CLEARWATER, Fla. — For the second consecutive weekend, Houston had the Tulane baseball team and its title aspirations on the ropes, poised to put the Green Wave away.
This time, the knockout blows — both of them to left field — landed.
The No. 5 seed Cougars hit two home runs off Tulane starter J.P. France, including designated hitter Joe Davis’ three-run blast in the fifth inning, en route to a 6-2 win Saturday that eliminated the top-seeded Green Wave (39-19) from the American Athletic Conference tournament.
“They made all the plays,” said Green Wave coach David Pierce, whose club was seeking its first 40-win season in 10 years. “They pitched better and they had the timely hits, so they deserved to win.”
It was the second loss to the Cougars (36-22) in three days for Tulane, which won the final two games of last weekend’s series at Houston to claim the conference regular-season title. Tulane learns its postseason destination during Monday’s 11 a.m. NCAA tournament selection show.
Whether it’s a favorite or fringe candidate to host a regional depends on whom you ask.
“I thought we accomplished enough (to host) when we won this league, and I truly believe that because of how tough this league is,” Pierce said. “You’re playing a team (Houston) that was a top-10 going into the preseason, and they finished in fifth place in our league, so you know there’s talent there.”
As for Tulane’s talent, it was on display only in spurts Saturday. The Green Wave collected nine hits and put the leadoff runner aboard in five innings but squandered most of their opportunities.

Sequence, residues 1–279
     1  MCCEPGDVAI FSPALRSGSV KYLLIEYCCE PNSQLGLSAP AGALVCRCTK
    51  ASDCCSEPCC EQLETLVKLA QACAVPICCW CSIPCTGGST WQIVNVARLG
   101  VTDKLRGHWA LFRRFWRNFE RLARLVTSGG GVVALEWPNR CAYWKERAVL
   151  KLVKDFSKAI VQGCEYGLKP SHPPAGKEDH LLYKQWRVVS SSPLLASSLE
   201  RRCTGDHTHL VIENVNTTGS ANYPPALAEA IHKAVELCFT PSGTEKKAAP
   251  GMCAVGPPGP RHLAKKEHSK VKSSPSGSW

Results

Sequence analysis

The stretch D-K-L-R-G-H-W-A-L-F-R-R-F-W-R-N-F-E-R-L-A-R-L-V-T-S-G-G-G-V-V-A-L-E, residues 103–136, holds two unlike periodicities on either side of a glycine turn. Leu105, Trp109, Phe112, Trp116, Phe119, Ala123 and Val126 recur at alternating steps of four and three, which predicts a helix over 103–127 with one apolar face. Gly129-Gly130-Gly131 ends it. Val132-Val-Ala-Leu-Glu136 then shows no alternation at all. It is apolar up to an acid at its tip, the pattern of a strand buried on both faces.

Case in point: the bottom of the third. With the score tied at 1, shortstop Stephen Alemais hit a leadoff double and catcher Jake Rogers walked. After Hunter Williams flied out, Houston right fielder Connor Wong made a shoestring grab of a Jeremy Montalbano fly. Junior Lex Kaplan then singled to shallow right, but Wong threw out Alemais at home plate by several steps to end the inning.
“It’s a situation where you’ve got the 3, 4, 5 (hitters) coming up and Hunter’s swung the bat as well as anybody, so I’m letting him hit,” Pierce said. “We didn’t do anything with all three. Actually Lex did, and we took a chance on scoring (Alemais) right there. They played better than us today.”
By contrast, Houston scored five of its six runs with two outs, exploiting what Pierce called a “very average” outing by France (five innings, four runs, six hits). He surrendered a two-out home run to Zac Taylor in the third on an elevated fastball that tied the score at 1, then watched Davis smack his second homer off the Green Wave in as many contests two innings later to give Houston a 4-1 lead.
“There’s a certain way in their offensive philosophy that you have to pitch them, and we’ve done a pretty good job of that,” Pierce said. “(France) competed well; I just think he made too many mistakes and lost some focus.”
His counterpart, Houston freshman right-hander Mitch Ullom, scattered eight hits over six innings but watched his defense convert two double plays. He exited after issuing a leadoff home run to Hunter Hope in the bottom of the seventh, cutting Tulane’s deficit to 4-2.
Houston tacked on an insurance run each in the eighth and ninth, while Cougars closer Nick Hernandez struck out four for a perfect, 2.1-inning save.